1. Insulate your assets: shut off the water supply to the irrigation system. The main shut off valve for your irrigation system needs to be protected against freezing. Make sure it is wrapped with insulation (foam insulation tape and a plastic bag) to protect it from harsh winter temperatures and prevent it from freezing. If you do not have a main shut off valve, you might consider installing one as a preventative investment. Also, any above ground piping needs to be insulated. Self-sticking foam-insulating tape or foam insulating tubes commonly found at home supply stores are fine.

2. Stay in control: If you have an automatic system then you will need to "shut down" the controller (timer). Most controllers have a "rain-mode" which simply shuts off the signals to the valves. The controller continues to keep time, the programming information isn't lost (start times, valve run times, etc.) and the clock continues to run throughout the winter. The only change is that the valves will not activate. If your controller is responsible for activating a pump, as a precaution you should remove the wires that are connected to the MV (Master Valve) and common terminals. This will prevent the possibility of the pump being accidentally activated which could cause damage from overheating. An alternative to using the rain mode is simply to shut off the power to the controller. If you do, you'll need to reprogram the time and potentially all your other settings as well, in the spring.

3. Drain the pipes: Now you need to remove the water from the pipes and sprinklers so that it won't freeze/expand and break the pipe. There are several ways to drain your pipes: a manual drain valve, an automatic drain valve or the compressed air blow-out method. However, since there could be potential safety risks we recommend contacting your local irrigation specialist. Many offer sprinkler winterization services this time of the year.

4. Protect valves and backflow preventers: Insulate backflow preventers and valves if they are above ground. You can also use insulation tape for this. Be sure not to block the air vents and drain outlets on backflow preventers.

Restoring Your Lexington Commercial Property After A Fire Damage Even

10/8/2021 (Permalink)

Restoring Your Lexington Commercial Property After A Fire Damage Event

Fire and smoke damage events at Lexington commercial properties are often complex with numerous issues that require a knowledgeable and flexible response. Whether we’re dealing with a relatively small fire cleanup scenario or a large scale event, we work quickly to assess each unique situation and isolate the damaged area. In many instances, normal operations can continue in a temporary space while we restore your facility.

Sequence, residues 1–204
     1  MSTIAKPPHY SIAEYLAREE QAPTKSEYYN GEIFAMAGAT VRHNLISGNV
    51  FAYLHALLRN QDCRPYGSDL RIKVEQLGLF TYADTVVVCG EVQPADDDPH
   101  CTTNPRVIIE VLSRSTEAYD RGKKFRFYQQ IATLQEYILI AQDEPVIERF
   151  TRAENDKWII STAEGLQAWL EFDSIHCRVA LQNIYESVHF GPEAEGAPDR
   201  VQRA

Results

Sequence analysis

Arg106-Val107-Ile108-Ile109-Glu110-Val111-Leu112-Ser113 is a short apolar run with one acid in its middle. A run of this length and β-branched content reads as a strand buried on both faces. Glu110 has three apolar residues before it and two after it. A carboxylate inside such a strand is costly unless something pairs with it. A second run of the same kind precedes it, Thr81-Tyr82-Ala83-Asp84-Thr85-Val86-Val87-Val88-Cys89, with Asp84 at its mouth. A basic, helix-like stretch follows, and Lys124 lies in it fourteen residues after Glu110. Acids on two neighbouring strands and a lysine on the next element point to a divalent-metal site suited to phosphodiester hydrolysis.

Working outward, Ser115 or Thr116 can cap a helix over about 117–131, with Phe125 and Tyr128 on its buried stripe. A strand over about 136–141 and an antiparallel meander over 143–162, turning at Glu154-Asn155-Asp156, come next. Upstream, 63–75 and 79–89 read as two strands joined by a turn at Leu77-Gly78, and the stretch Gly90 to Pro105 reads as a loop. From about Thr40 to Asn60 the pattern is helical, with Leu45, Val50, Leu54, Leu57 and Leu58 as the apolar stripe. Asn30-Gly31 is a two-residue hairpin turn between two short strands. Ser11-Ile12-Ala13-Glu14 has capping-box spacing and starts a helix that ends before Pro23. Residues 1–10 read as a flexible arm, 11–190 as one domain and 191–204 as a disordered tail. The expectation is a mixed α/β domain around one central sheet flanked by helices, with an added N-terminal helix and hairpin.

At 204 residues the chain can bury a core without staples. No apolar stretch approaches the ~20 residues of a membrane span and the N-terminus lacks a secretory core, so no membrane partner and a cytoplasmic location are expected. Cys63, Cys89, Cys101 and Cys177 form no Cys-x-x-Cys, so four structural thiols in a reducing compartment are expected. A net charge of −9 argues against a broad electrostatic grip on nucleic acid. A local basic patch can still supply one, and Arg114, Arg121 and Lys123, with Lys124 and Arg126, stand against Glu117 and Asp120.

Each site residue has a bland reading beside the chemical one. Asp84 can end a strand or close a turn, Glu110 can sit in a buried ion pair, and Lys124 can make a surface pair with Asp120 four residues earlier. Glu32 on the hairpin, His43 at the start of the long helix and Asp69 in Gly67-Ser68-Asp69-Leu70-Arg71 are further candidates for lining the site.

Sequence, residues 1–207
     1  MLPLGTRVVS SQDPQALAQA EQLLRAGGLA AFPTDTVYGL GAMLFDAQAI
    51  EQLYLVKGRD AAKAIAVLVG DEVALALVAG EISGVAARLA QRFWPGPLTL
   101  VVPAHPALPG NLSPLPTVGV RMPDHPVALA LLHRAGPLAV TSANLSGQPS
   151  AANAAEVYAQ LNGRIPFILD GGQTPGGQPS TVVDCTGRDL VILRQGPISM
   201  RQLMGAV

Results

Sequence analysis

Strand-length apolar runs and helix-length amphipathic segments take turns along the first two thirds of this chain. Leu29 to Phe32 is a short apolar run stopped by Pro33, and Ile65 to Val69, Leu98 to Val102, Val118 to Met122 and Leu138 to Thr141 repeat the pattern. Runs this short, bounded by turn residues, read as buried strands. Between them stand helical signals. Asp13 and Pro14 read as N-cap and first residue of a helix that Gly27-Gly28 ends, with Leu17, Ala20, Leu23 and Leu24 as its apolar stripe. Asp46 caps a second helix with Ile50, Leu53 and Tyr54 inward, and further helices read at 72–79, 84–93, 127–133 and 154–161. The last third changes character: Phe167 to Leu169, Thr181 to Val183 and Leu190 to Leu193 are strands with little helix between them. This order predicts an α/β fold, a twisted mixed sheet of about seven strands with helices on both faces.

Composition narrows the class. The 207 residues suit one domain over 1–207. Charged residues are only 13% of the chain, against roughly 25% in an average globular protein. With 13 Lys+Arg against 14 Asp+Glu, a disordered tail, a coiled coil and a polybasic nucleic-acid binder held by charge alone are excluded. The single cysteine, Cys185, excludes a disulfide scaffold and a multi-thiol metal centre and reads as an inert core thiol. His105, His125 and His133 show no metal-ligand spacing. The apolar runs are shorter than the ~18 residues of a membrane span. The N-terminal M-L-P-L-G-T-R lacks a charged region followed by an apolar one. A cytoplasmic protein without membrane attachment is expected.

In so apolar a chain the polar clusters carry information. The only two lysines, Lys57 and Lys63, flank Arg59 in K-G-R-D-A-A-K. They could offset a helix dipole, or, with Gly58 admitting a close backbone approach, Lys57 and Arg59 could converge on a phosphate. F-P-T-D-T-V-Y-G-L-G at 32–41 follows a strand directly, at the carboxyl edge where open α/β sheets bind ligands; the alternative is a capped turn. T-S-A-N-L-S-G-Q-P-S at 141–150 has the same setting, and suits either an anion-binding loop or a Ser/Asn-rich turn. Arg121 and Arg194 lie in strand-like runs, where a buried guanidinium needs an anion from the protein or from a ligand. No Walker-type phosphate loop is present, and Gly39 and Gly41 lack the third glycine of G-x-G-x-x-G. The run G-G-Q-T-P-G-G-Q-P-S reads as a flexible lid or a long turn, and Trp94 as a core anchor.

Restoring Commercial Properties Presents Unique Challenges

Our professionals are trained to be mindful of legal and environmental concerns and strive to fully restore the damaged area while working within your budgetary constraints. We understand that every hour spent cleaning up is an hour of lost revenue and productivity. So when an emergency situation arises in your business, give us a call and we’ll be there fast with the help you need.

About SERVPRO of Lexington

SERVPRO of Lexington specializes in the cleanup and restoration of commercial and residential property after a fire or water damage event. Our staff is highly trained in property damage restoration. From initial and ongoing training at SERVPRO’s corporate training facility to regular IICRC-industry certification, rest assured our staff is equipped with the knowledge to restore your property.

Being Prepared for A Fire.

10/8/2021 (Permalink)

Burn Awareness Week is also a great time to refresh ourselves on the ways to prevent fires by being prepared. So the first step is plan and get ready.

Fire is one of the most common disasters to hit the average family. Did you know fire causes more deaths than any other type of disaster? But fire doesn’t have to be deadly. Especially if you have early warning from a smoke detector. Another thing everyone in your family should know is how to escape calmly. Please take this seriously. As parents it’s your responsibility for planning for and practicing what to do in case of a fire.

To help you with this we have prepared a checklist which you’ll find below. As you’ll see it is pretty easy to do and a fun family activity because it gives everyone an opportunity to be involved in the protection of your house and loved ones. If you have small children it’s great because they feel a sense of accomplishment. Plus, they take pride in the responsibilities of taking care of family. It helps build their self-esteem.

We suggest you install dual sensor smoke detectors outside each bedroom and on each additional floor of your residence. Remember to keep new batteries on hand.

When were new smoke detectors installed: ________ (date)

When were the Batteries purchased: ________ (date)

What day of the month are you going to check your smoke detectors: ________ (date) (remember they should be checked every month).

Create a chart. Make sure there’s a place for the family member in charge to sign their name or initials after each of the tests they’re responsible for.

______________ (family member name) checks smoke detectors.

Look at the fire extinguisher(s) you have; check it to make sure they are properly charged. There’s nothing worse than depending on a fire extinguisher that is out of date. Just imagine how it would feel if you or your loved ones pushed the button. Nothing happened.

If your house has more than one floor you should have at least one fire extinguisher on each floor. Check the pressure on the gauge. Some fire extinguishers have a test button to check proper pressure. If the unit is low on pressure, damaged, or corroded in any way, replace it. Some fire extinguishers can be professionally serviced. Find out which kind of fire extinguisher you have.